Thursday, 3 January 2019

Cotehele in late October

Remember the teaser photo after a couple of posts back? I was referring to a little outing one sunny, mild afternoon in October to a place not far away from home - Cotehele (pronounced coat -eel).



So here's a snapshot of the rest of that afternoon (at last!)

Expecting a quiet amble along the woodland path, I was somewhat surprised to find that lots of people had had the same idea and the car parks were almost full.

But there are many paths that crisscross this huge estate so it was possible to get away from the madding crowd and listen to the birdsong.




While I rested on a handy seat, Benji did his usual trick of 'guarding' the path from all-comers; he sits there, watching them approach, then refuses to budge so that they have to take avoiding action and go around him.  Once they have passed, he gets up and wanders around again.  Little monkey!

Now Zac always took the opportunity to get a drink from this underground stream which surfaces at the side of the path, but Benji refuses to get his feet wet so he misses out.

My eye was caught by the sight of a mast floating along above the reeds . . . 

. . . . so we made our way to Cotehele Quay for a clearer view.

Considering the time of year, river traffic was busier than I've seen in a long time, with craft coming along in both directions.

However, 'Shamrock', the Tamar sailing barge, owned by The National Trust, was sheltered by a huge tarpaulin cover, undergoing maintenance and restoration.  I found a handy spyhole and poked my camera inside.  There's a website devoted to the 'Shamrock' - http://shamrock-cotehele.blogspot.com/p/all-about-shamrock.html

And so another visit to Cotehele ended; we made our way back to the car, hoping to get away before everyone else had the same idea.  We did!!!

10 comments:

  1. Thank you for visiting my blog, and leaving a comment!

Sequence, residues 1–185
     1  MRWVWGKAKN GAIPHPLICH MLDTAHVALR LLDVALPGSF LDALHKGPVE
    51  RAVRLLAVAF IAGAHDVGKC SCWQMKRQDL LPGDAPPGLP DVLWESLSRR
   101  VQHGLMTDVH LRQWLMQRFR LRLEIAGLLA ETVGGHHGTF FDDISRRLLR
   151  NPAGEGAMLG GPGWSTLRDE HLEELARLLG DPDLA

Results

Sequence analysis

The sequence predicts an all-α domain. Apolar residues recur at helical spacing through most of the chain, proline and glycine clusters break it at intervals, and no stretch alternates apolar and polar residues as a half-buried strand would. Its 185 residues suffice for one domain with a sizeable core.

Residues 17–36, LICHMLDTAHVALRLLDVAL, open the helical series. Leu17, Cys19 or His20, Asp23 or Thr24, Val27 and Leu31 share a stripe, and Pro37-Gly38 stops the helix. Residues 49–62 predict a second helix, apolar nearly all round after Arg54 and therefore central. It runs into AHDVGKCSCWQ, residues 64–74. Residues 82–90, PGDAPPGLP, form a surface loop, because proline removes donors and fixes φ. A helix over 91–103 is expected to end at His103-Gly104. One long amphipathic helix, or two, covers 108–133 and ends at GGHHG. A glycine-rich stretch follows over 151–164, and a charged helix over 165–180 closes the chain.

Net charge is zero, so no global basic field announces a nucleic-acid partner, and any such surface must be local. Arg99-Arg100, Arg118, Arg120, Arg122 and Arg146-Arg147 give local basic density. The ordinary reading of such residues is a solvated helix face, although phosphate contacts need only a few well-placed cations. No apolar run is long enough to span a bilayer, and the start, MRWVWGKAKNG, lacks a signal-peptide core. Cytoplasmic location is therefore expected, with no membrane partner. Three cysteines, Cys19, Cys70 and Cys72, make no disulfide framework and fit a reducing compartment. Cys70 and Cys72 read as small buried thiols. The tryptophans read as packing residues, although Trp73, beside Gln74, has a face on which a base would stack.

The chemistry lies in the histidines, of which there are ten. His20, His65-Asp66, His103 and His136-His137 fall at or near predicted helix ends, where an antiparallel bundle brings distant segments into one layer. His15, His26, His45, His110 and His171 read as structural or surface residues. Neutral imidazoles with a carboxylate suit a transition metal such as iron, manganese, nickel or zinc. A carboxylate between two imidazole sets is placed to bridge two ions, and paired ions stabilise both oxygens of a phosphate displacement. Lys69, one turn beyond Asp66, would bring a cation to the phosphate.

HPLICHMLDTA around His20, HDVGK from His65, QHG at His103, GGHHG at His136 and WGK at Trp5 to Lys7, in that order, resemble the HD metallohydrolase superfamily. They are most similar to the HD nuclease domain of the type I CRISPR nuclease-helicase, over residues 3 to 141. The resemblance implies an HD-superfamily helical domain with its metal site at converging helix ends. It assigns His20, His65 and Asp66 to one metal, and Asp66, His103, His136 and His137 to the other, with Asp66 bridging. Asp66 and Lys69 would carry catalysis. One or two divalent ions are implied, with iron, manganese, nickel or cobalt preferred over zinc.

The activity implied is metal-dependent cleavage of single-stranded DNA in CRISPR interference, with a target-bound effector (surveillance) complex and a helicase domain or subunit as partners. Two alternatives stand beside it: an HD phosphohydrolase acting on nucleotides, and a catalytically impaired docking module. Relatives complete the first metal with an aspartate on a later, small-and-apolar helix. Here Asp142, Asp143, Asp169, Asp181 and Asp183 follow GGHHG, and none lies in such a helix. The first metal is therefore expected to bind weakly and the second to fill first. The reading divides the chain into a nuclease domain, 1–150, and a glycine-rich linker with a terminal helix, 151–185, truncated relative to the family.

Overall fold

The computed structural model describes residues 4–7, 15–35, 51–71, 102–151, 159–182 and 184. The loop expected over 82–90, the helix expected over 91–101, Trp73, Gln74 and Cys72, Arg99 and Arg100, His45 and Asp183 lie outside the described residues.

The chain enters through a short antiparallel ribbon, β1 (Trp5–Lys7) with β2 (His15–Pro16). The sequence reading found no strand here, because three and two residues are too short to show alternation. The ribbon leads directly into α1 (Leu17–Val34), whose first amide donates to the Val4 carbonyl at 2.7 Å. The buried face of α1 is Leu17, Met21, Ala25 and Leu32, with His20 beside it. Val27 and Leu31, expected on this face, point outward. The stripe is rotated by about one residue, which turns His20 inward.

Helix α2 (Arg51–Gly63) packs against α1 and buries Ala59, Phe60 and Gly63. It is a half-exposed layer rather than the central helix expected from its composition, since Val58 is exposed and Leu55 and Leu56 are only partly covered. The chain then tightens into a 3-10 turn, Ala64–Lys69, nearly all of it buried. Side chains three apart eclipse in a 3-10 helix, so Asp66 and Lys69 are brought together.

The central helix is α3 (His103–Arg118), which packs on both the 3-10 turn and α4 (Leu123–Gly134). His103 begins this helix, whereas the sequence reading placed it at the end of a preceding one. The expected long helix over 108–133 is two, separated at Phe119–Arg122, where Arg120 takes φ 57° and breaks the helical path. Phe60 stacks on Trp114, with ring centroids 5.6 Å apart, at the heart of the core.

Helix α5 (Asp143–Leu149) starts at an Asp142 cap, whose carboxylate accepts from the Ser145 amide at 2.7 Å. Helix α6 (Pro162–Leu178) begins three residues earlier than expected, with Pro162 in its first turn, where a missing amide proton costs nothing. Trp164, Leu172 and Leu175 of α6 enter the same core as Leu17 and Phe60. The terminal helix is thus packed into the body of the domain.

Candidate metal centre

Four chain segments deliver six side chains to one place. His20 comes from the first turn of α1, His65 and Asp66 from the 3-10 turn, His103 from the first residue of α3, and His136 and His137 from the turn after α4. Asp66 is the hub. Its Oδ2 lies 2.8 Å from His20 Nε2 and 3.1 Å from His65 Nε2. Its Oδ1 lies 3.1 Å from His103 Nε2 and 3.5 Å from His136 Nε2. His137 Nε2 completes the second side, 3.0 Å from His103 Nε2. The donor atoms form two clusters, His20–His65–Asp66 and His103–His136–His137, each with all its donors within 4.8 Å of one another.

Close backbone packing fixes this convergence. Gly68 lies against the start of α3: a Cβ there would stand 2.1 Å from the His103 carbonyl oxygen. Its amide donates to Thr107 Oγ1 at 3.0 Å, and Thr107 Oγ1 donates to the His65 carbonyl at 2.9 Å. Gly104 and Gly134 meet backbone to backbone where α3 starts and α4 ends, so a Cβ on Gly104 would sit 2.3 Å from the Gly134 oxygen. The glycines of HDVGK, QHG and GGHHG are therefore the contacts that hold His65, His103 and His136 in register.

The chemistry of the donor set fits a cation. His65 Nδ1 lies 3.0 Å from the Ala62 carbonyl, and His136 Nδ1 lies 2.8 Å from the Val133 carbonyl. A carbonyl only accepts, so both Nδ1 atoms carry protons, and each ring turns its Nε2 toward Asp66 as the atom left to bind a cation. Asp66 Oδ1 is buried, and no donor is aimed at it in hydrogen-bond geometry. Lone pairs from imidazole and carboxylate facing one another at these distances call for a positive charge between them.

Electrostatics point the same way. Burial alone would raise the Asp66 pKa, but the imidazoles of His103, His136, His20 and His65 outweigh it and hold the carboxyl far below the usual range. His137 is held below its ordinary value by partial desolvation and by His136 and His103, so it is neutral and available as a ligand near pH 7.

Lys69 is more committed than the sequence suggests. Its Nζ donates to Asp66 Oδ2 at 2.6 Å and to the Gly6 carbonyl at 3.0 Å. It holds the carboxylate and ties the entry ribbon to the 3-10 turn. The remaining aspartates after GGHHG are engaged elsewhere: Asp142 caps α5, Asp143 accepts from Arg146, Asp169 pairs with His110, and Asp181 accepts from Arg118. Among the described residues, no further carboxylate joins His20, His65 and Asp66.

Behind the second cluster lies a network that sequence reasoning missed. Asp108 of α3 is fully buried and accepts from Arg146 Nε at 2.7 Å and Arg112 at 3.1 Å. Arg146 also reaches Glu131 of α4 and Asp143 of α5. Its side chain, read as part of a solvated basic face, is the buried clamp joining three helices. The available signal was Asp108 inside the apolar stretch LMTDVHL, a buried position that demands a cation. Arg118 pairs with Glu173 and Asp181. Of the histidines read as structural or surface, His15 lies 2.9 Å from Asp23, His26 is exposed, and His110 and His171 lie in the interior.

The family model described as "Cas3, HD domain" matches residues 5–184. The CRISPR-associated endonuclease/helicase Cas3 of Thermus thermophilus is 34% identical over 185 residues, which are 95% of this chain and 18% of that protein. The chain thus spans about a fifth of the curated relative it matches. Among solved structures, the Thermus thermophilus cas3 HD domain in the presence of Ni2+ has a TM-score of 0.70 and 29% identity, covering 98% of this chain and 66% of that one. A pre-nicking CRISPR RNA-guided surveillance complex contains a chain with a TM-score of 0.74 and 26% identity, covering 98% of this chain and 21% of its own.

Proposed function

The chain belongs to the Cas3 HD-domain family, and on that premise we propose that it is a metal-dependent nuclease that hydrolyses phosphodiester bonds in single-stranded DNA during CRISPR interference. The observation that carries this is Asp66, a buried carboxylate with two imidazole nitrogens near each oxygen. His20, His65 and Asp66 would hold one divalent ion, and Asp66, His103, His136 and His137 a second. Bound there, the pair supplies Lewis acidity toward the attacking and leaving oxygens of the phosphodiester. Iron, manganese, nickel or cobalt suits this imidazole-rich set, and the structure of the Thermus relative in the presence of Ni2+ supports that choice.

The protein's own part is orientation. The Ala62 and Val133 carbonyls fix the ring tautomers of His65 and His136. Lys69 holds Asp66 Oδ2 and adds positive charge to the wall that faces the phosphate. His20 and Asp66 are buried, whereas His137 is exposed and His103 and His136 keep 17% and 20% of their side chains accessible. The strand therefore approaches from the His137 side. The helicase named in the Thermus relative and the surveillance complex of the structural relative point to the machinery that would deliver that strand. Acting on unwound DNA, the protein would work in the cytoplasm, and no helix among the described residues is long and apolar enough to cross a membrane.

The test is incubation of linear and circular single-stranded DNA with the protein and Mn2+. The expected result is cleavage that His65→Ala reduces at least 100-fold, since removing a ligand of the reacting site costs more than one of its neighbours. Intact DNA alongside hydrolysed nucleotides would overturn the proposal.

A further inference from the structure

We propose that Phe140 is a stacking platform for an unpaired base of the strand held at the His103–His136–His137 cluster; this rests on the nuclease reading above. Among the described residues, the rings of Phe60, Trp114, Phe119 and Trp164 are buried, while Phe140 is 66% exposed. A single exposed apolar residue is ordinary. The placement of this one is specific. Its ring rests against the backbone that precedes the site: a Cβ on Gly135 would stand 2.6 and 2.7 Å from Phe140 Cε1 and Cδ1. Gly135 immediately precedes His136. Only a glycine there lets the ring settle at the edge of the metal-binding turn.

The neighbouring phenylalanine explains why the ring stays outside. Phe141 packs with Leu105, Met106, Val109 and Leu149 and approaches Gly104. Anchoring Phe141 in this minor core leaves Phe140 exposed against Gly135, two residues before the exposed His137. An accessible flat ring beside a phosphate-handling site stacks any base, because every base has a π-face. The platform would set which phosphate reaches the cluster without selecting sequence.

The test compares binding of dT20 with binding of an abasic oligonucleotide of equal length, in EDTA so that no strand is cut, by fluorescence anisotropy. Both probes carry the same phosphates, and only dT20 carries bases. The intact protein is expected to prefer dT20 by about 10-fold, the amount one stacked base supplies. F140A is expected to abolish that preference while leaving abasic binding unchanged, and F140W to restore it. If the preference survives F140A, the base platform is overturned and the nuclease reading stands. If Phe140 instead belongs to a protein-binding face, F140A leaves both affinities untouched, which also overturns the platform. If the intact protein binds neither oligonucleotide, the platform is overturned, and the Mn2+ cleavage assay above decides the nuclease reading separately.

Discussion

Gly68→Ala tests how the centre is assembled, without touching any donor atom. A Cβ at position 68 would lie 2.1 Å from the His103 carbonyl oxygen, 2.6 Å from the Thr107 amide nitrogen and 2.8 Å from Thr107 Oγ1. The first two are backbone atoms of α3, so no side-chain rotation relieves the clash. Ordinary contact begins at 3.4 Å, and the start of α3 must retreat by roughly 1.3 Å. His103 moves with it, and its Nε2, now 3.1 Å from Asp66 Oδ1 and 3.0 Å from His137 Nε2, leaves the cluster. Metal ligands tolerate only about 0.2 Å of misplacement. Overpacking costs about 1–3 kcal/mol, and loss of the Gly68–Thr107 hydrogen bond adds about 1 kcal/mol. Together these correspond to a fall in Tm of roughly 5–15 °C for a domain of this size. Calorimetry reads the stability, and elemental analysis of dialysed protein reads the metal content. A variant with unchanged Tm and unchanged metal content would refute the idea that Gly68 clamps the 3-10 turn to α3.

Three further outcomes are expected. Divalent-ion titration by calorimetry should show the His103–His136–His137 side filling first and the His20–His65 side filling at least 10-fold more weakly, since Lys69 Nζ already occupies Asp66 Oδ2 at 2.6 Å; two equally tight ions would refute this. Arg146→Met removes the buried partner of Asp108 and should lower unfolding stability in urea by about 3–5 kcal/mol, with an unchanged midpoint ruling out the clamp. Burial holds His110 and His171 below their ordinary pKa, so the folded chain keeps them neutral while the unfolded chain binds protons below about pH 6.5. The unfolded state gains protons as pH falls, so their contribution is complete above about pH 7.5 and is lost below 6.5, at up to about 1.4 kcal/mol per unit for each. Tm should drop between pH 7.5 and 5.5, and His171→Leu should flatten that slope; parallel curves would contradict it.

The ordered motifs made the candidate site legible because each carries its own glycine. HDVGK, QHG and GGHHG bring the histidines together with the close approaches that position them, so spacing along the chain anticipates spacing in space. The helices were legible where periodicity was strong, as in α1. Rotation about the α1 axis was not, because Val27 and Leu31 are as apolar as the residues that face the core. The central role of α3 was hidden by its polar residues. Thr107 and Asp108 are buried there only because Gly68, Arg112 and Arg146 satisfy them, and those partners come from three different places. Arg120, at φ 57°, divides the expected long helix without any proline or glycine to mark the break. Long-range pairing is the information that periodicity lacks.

What a lovely area to visit! I love to see glimpses of where people live, in other countries. And your country, is so very lovely.

    I loved your comment on my blog, about leaving little pools of light, around.... To hold the memories, of a lovely Christmas. :-)

    Actually, I leave faerie lights up, all year. Love them so much. :-)

    Happy to meet you....

    From across the pond.... Wisps of Words

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    1. Happy to meet you too, dear fellow blogger from across the pond.
      I may be ever so slightly . biased, but I believe this part of the UK is particularly beautiful. Cornwall is a magical place, almost completely surrounded by the sea, just the border with Devon being the exception. Beyond that border is 'up-country' to those of us who rarely leave our beautiful Cornwall.

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  2. Benji guarding the path - I love it! Little rascal :)

    What a lovely area to walk in, and it looked like a beautiful day.

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    1. It was an unexpectedly beautiful day, considering the time of year and we made the most of it. Cotehele is a place we regularly visit, a National Trust property, so parking is free for me as a member of the NT, and it's not far to drive from my home.
      Benji does seem to get pleasure from making people give way to him on narrow paths! It happens too often to simply be coincidence. Lol, lol.



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  3. It is a beautiful place to visit, wonder if you have seen the Christmas garland there?
    Shamrock has been going for a long time, it seems. Wonderful that it is being repaired.

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  4. That looks like a beautiful place to visit for a walk. I imagine it gets very busy in summer.

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    1. It does get very busy and the car parks fill up, but it's such a huge estate with many paths that it's never crowded and it's possible to wander along quietly enjoying the birdsong even at those busy times.

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  5. Replies
    1. Indeed it is, with lots of variety depending on which part of the estate you're in - river walks, woodland walks, gardens, lakes, flower beds, the dovecote and much more. There's also a plant shop, a cottagey tea room on the Quay with a pretty little garde set out with tables, plus The Barn Restaurant as well as ice-cream kiosks.
      Fallen tree trunks serve as handy seats when you just want to sit and daydream; climbing frames and log obstacles for the children to enjoy.

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  6. How nice to get away from the madding crowd and listen to the birdsong...
    Your photographs here are lovely.

    My good wishes for 2019.

    All the best Jan

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